Last Updated on June 4, 2020 by Valinda Riggins Nwadike, MD, MPH
On day one of his STD diagnosis, this interviewee set out to do research and found The STI Project. Armed with an incredibly positive outlook and loads of resources at his fingertips, this 26-year-old is likely to work through the typical challenges one faces when being diagnosed with a highly stigmatized infection with ease – at least, we certainly hope for that outcome for him!
Delighted he found our website so quickly, we think his perspective is uplifting, yet, pragmatic, and we are inspired he wanted to reach out, share his story and help others so soon in his process. Thank you, interviewee, for your authenticity and your willingness to participate – reading about the first days of a new diagnosis will help others who’ve recently found out they have an STD as well.
1. How old are you?
2. What do you do for a living?
I work in security.
3. What STD do you have/have you had?
I recently found out I tested positive for HSV – herpes simplex virus – 1 & 2. This is the first time I got tested.
4. How long have you had or known you have an STD?
Today is day one.
5. Do you know how you contracted this STD?
After talking to partners in an established time frame, it’s been narrowed down to my most recent ex. Whether or not she’s had it the whole time or got it from someone else while we were together is still unknown. She did see someone sexually outside of our relationship, and now this is something we’re all going to have to deal with.
6. How has your life changed since you contracted an STD?
I was making changes after this past relationship, and now I will definitely be implementing them. I’m a pretty positive person, in general, and that hasn’t been effected. I did freak out, though, when I got the news.
‘Oh no!’ I thought, ‘This can’t be right. This can’t be happening to me. Stuff like this happens to other people – way more promiscuous people – not nice guys like me.’
Before finding out, I’d decided to wait longer before having sex so that the relationship had a solid foundation before moving on. Now, though, it’s going to be have to be that way. I want a wife and kids, and whoever gets to fill that role is going to have to be open-minded and willing to take the risk.
I did think,’No one’s going to want me now. I’m screwed. I’m not going to be able to have a family. I’m going to be alone, because it’s a risk someone’s not going to want to take,’ but my friends have assured me otherwise – that my STD won’t matter to the right woman. She won’t see someone with an STD when she looks at me. She’ll just see me.
7. Do the people who know you have an STD treat you differently than they treated you before they knew?
Thus far, I’ve told some close friends, men and women, and they’ve been supportive. They were all shocked, but there hasn’t been any negative reactions so far. They all could pretty much guess who I got it from and were angry, to various degrees, with her.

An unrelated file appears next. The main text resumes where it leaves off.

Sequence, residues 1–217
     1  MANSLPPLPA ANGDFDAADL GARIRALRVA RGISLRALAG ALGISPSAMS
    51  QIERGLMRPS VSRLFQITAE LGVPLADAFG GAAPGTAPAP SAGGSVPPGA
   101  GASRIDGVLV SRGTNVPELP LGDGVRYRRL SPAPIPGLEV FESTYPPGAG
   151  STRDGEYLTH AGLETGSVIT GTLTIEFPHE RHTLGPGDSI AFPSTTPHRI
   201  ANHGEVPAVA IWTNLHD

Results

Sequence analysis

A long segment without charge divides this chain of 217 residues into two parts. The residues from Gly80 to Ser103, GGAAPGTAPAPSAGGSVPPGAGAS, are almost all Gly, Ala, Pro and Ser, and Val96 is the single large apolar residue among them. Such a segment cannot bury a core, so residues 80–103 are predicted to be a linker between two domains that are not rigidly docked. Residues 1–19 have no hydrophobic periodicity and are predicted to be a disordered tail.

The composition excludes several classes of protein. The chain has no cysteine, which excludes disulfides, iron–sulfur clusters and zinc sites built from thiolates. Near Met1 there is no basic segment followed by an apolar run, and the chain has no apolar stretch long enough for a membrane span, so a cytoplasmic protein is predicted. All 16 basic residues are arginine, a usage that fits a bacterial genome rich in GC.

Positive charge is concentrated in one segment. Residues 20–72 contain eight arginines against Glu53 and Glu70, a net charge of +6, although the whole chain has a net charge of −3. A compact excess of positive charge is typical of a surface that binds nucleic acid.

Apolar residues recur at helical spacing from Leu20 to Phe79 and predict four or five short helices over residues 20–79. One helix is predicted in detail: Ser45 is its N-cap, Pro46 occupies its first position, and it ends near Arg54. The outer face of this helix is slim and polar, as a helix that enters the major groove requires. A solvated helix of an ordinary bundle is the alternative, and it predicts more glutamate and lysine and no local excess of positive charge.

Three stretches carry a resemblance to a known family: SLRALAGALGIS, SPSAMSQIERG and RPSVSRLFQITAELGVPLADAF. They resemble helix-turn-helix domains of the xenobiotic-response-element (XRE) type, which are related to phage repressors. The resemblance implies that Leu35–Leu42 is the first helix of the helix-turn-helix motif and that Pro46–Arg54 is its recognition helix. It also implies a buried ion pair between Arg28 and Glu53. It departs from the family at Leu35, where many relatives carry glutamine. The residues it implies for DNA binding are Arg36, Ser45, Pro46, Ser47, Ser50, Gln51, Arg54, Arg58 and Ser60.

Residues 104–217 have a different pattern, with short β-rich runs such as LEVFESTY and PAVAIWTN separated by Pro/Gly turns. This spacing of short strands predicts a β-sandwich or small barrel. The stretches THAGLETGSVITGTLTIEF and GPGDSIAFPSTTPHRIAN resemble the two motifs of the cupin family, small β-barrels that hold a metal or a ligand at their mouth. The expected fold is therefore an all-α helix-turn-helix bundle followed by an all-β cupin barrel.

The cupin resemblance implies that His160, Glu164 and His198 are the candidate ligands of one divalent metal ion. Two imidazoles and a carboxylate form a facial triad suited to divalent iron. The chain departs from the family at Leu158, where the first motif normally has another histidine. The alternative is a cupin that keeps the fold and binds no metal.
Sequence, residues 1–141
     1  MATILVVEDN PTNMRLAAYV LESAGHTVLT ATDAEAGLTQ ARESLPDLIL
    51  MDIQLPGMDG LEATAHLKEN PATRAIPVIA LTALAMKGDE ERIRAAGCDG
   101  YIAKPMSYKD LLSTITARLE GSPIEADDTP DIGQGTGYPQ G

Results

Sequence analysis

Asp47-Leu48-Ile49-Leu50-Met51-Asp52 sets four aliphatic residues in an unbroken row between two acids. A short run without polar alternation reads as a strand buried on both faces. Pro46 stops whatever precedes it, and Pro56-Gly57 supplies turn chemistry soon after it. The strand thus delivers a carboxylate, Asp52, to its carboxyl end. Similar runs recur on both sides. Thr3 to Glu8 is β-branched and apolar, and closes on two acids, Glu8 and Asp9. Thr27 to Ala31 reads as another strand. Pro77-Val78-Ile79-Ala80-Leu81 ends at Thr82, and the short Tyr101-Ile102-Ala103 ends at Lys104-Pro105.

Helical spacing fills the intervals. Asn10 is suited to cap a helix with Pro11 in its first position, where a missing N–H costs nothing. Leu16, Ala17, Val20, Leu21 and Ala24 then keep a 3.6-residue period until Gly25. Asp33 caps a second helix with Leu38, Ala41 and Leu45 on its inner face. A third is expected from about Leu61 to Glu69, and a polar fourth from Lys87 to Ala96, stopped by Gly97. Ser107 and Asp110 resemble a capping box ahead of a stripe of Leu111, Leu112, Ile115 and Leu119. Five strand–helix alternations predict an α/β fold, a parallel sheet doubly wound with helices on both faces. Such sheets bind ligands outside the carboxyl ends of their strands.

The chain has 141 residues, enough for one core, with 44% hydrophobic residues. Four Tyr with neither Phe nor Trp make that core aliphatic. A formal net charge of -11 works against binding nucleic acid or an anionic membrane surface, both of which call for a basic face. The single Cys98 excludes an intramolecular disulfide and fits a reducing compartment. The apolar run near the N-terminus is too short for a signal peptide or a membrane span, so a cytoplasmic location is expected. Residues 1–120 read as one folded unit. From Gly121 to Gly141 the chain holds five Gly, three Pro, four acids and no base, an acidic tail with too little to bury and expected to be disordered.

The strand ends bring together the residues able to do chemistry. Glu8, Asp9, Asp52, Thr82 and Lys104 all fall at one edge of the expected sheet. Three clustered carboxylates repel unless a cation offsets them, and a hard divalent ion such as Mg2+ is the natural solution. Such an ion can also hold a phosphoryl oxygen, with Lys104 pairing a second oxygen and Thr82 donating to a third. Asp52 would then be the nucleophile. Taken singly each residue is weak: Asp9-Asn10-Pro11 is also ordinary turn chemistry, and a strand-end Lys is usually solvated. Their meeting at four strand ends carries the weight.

8. Are you currently under treatment for your STD? If so, please share whether you have explored prescription medication, over-the-counter medication, or holistic and natural approaches.
No, nothing yet. Given the way medicine is, though, I’m more inclined to take a holistic or natural approach. I don’t want to see an ad on TV in the next couple months and find out the meds I’m on are being recalled and there’s a class-action lawsuit.
9. Has having an STD hindered past relationships?
No, all of my partners were got tested at least once a year. I figured, as long as they were getting tested, I had no worries.
Since finding out, I haven’t been sexual active. I plan on it, but it’s going to take a little time.
10. Do you have a significant other? If so, how has this STD affected your partner?
I don’t have a significant other. I have a potential partner and she was the one who wanted me to get tested. I told her the results, and she still wants to stick around and understands the risks involved. We’re not planning on having kids or anything like that. It’s purely for fun.
I was surprised that she took it as well as she did, and we’ve talked about using condoms when we feel like we’re ready to be intimate.
11. Have you been sexually active with someone since contracting an STD whom you did not tell you had an STD?
Oh, no. After I found out, I decided any and all future partners WILL be told. That’s just wrong to not tell them. They’re trusting me with their bodies, and I don’t want to violate that trust by not telling them I have an STD.
12. How have you changed as a result of contracting an STD?
It’s a little too soon to say. I’m still feeling positive about everything, but it’s still on my mind. I’m checking to see how this will effect my career path and I’ll make adjustments as necessary.
I think for my first day I did pretty good.
I’ve joked with my friends about it, and I still feel like myself. I feel like my STD shouldn’t change who I am. I’m not my STD. I’m still me, and I have a bright future ahead of me.
13. Why are you choosing to participate in this interview and/or is there anything else you would like to share with The STI Project?
The STI Project is a wonderful idea.
Society and the media tend to perpetuate the stigma. I think a lot of people who haven’t had much contact with people who have STDs or haven’t contracted one themselves have this image that we’re all dirty people – that we don’t care who we have sex with or that we’re drug users and stuff like that.